What should light rail to northwest Seattle look like?

(An article about the merits of a streetcar to Fremont as a complement to light rail to Ballard was recently posted on Seattle Transit Blog, and I wanted to share it in addition to/as an alternative to my own thoughts below. Find it here.)

Before attending this week's Sound Transit/City of Seattle joint open house on high capacity transit to Ballard, I hadn't thought much about the route it might take to get there. I knew I supported it, and given the failings of the Downtown-to-Ballard Rapid Ride line, it was clear to me that it would need to be grade separated, but beyond that I was fairly unconcerned with the specific route it might take to get from A to B. There was a great interactive exhibit at the event that got me actually thinking more critically about this, and I've realized that it's actually a fairly difficult question to answer.

So let's take a look.

The exhibit was actually slightly different from the image below (this one is just more clear), but they used the same map and asked that you draw the path you'd like high capacity transit to take from Ballard to Downtown. This one, by comparison, asked people to put a green sticker where a frequent trip they take starts, and a red sticker where it ends. As you can see, downtown is by far the most popular destination, at least among those in attendance:

 Trip start/finish map - green is start, red is end; image from Ballard News-Tribune.

Trip start/finish map - green is start, red is end; image from Ballard News-Tribune.

The routes people drew on the other map included 1) following 15th Ave NW to Elliott Ave then downtown, 2) traveling through Fremont then down Westlake to get downtown, and 3) everything in between.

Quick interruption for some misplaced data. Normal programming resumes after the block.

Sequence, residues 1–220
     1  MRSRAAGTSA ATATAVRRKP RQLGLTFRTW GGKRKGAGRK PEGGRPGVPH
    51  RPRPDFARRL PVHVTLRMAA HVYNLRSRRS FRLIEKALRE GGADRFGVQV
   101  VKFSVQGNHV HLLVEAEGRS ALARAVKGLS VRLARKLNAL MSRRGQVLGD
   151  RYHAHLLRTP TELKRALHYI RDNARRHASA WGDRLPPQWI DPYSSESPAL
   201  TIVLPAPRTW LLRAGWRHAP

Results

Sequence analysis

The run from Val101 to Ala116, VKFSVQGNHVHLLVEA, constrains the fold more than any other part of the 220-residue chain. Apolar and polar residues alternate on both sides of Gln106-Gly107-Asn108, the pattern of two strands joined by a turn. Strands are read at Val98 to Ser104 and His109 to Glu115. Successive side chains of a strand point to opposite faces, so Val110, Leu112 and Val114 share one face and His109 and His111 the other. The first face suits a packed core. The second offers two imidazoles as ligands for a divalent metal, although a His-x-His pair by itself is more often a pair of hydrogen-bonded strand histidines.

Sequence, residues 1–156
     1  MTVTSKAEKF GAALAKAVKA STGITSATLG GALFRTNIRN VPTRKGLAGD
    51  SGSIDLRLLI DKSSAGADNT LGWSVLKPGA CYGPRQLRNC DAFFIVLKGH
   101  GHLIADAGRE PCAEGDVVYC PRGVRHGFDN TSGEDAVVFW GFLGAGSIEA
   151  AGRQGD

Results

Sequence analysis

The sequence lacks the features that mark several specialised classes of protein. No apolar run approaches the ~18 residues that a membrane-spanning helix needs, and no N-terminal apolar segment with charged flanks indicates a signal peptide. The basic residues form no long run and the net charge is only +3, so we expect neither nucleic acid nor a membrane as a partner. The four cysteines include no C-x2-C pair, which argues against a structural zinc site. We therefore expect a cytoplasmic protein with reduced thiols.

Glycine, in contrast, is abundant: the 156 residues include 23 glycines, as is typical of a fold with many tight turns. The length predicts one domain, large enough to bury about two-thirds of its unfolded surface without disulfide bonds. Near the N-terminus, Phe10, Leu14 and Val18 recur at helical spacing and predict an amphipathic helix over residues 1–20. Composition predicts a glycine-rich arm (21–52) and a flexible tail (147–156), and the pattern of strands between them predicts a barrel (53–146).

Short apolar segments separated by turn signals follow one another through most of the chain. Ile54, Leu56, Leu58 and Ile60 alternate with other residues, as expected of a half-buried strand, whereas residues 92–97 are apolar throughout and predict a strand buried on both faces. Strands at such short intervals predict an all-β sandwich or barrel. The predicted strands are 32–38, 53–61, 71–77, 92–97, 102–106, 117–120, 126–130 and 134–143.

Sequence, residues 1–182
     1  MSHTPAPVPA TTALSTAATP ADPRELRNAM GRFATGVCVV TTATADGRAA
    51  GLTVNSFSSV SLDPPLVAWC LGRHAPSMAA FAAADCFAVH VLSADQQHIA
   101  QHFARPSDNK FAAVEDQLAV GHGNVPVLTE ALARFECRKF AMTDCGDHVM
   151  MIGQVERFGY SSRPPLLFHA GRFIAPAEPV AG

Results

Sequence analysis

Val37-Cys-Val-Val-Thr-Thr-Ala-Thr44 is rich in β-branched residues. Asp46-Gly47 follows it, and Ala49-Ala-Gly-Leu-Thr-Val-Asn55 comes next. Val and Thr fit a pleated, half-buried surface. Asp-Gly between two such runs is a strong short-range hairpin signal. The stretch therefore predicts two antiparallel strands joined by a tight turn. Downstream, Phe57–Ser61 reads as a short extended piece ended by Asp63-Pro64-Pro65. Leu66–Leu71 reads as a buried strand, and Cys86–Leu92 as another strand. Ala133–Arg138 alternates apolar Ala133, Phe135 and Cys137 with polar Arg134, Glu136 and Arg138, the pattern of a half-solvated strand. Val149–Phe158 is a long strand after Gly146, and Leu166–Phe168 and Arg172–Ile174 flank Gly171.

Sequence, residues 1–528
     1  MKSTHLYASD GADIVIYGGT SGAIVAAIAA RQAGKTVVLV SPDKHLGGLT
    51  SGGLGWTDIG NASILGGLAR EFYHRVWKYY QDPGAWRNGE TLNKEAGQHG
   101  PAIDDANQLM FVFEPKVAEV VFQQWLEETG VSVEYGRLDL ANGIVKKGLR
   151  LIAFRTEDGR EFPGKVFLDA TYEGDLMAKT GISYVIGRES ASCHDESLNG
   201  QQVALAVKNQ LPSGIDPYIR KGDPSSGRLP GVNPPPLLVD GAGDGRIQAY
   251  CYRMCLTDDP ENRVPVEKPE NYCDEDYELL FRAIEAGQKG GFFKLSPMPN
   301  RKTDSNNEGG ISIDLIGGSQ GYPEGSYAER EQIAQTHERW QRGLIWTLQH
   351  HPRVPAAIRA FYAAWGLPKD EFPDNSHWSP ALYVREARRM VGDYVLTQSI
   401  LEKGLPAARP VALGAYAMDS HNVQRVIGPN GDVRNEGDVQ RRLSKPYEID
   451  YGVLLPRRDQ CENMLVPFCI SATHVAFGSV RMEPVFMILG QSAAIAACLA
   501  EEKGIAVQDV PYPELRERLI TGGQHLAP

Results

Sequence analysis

The key concern for me (and one that seemed to be overlooked by most open house attendees) was that Ballard, Fremont, and Queen Anne all have very similar current populations and population projections over the next few decades--serving one or two of these neighborhoods with light rail while failing to serve any of the others would be unjustifiable.

Most people seemed to prefer a straight path along 15th Ave NW unfortunately, which is the Interbay "neighborhood," if you could even call it that, which has very little population and no plans for growth according to city estimates. Hopefully this just reflected the fact that many probably think an at-grade streetcar alignment is likely, and this would be the path of least resistance. I suspect many of those who supported this alignment would change their minds if they were told that a subway was the most likely option (here's hoping), making traffic and the paths of existing roads irrelevant to subway route considerations.

Working from the assumption that a line would need to serve each of these neighborhoods, drawing a single route to cover all three becomes pretty difficult. In the time I had to think about it at the open house, I ultimately went with the path below:

 My first idea for a subway route, which I've since disavowed and am slightly embarrassed to have ever considered.

My first idea for a subway route, which I've since disavowed and am slightly embarrassed to have ever considered.

As you can see, the route is very indirect, traveling through the center of Queen Anne, northwest to Ballard (under Ship Canal), then looping back along Market, 8th Ave NW, and Leary to Fremont. I imagined one station at each of these neighborhoods plus maybe one in Belltown and another around Mercer St. and Queen Anne Ave (more than this many stations seems unlikely, given that even Capitol Hill only got one station).

At the time I liked this route because it allowed for an extension of the line to Stone Way, up to 45th St., then east all the way to the station that's planned at 45th and Brooklyn in the University District, all without transfers. Admittedly, I have a strong personal bias against transfers, and much of that is due to the relatively low frequency of most Seattle buses. A 10-minute-or-less light rail headway would make transfers much more bearable. To mollify the Fremont travelers I thought perhaps there could be some kind of dedicated line, either bus or streetcar, between the Queen Anne and Fremont stations. In retrospect I came to the conclusion that this is a mess and have since discarded this idea.